Blue Line

B.C. premier says public use rules should have been in place before decriminalization

April 26, 2024  By The Canadian Press

Apr. 26, 2024, Vancouver, B.C. – British Columbia is preparing to ban most public drug use, a change to parts of its decriminalization pilot project that the premier says should have been in place all along.

The province has made an “urgent” request to Health Canada to make amendments to B.C.’s exemption under the Controlled Drugs and Substances Act to give police the power to step in when they see illicit drug use in public spaces, including inside hospitals, on transit and in parks.

Premier David Eby said during a news conference Friday that police need tools to address extraordinary circumstances where people are compromising public safety through their drug use.

He said when decriminalization was first introduced, the focus was on removing the stigma and reducing the reluctance of people to reach out for help.


“Now, clearly, with the benefit of hindsight, police needed those authorities. And I think the goals of minimizing stigma, of encouraging and providing that opportunity for people to come forward with help, were important and critical goals that still inform our policy today,” he said.

The decriminalization plan is a three-year pilot project and was enacted on Jan. 31, 2023, giving an exemption to those who are in possession of small amounts of opioids, including heroin and fentanyl, as well as cocaine, methamphetamine and MDMA, in quantities of 2.5 grams or less.

The government said the change would not recriminalize drug possession in private homes or places where someone is legally sheltering, along with overdose prevention sites and locations with drug-checking services.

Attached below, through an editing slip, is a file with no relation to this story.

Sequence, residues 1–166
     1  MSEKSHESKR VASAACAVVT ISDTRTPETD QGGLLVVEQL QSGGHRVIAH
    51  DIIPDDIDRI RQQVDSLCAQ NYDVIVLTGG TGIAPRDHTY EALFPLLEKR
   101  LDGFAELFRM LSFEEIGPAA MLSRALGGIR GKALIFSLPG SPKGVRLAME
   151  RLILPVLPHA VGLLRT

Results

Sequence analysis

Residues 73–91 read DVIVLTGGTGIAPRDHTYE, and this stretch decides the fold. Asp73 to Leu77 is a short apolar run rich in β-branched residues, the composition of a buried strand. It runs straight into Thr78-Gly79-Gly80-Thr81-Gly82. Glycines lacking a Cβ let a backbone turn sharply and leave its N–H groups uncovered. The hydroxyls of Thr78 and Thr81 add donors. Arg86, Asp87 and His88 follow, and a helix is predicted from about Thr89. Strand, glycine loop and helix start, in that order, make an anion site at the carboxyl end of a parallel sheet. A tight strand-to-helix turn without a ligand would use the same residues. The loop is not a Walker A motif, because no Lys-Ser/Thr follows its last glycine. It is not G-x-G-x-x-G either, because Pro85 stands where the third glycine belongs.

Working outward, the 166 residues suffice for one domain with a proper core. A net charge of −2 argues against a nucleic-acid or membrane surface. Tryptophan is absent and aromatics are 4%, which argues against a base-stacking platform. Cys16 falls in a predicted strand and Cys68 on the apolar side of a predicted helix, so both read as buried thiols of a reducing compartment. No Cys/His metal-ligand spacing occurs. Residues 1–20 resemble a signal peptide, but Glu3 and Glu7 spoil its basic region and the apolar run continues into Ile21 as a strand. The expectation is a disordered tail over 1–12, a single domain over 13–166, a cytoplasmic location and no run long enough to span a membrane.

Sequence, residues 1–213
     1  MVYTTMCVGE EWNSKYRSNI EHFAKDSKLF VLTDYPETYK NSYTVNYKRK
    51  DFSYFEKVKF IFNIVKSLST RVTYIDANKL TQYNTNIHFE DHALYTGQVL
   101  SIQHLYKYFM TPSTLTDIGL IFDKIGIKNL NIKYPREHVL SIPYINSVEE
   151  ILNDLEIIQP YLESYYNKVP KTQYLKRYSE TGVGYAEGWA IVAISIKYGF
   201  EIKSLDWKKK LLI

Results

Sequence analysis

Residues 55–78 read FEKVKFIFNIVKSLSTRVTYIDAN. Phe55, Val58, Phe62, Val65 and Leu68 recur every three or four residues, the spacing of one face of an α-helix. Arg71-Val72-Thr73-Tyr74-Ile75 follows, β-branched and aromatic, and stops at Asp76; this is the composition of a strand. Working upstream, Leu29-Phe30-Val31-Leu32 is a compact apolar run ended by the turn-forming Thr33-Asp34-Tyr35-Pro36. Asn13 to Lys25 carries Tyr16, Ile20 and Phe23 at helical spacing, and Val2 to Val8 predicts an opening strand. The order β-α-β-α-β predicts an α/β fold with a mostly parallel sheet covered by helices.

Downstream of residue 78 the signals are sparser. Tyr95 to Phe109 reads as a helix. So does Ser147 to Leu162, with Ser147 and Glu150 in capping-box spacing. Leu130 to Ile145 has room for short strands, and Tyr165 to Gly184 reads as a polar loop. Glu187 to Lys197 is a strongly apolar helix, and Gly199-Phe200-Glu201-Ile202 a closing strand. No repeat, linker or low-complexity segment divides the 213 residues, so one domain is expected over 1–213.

The U-turn by the provincial government comes after repeated criticism from politicians, health workers and police about the policies, including open drug use in public spaces.

The province had tried to make drug use illegal in public places with its own legislation, but the Harm Reduction Nurses Association challenged the bill in court.

Chief Justice Christopher Hinkson ruled in December that if the laws were enacted, “irreparable harm will be caused.”

Eby said they’ve now asked for the changes to come from Health Canada.

“The resolution of that court issue is potentially more than a year down the road and we cannot afford to wait. We need to act now,” Eby said.

“I have talked to the prime minister about this,” he said. “He assures me that the federal government will provide full support to ensure that police have the tools that they need.”

Eby said it’s possible the government could face another legal challenge in response to these changes, but he thinks the risk is low.

“In order for it to be successful, the court would have to find that the entire Controlled Drugs and Substances Act at the federal level was unconstitutional,” he said.

The nurses association that launched the legal challenge released a statement Friday saying the province is circumventing the court and creating a situation that “will put people who use drugs and people who rely on public space at further risk of harm and death.”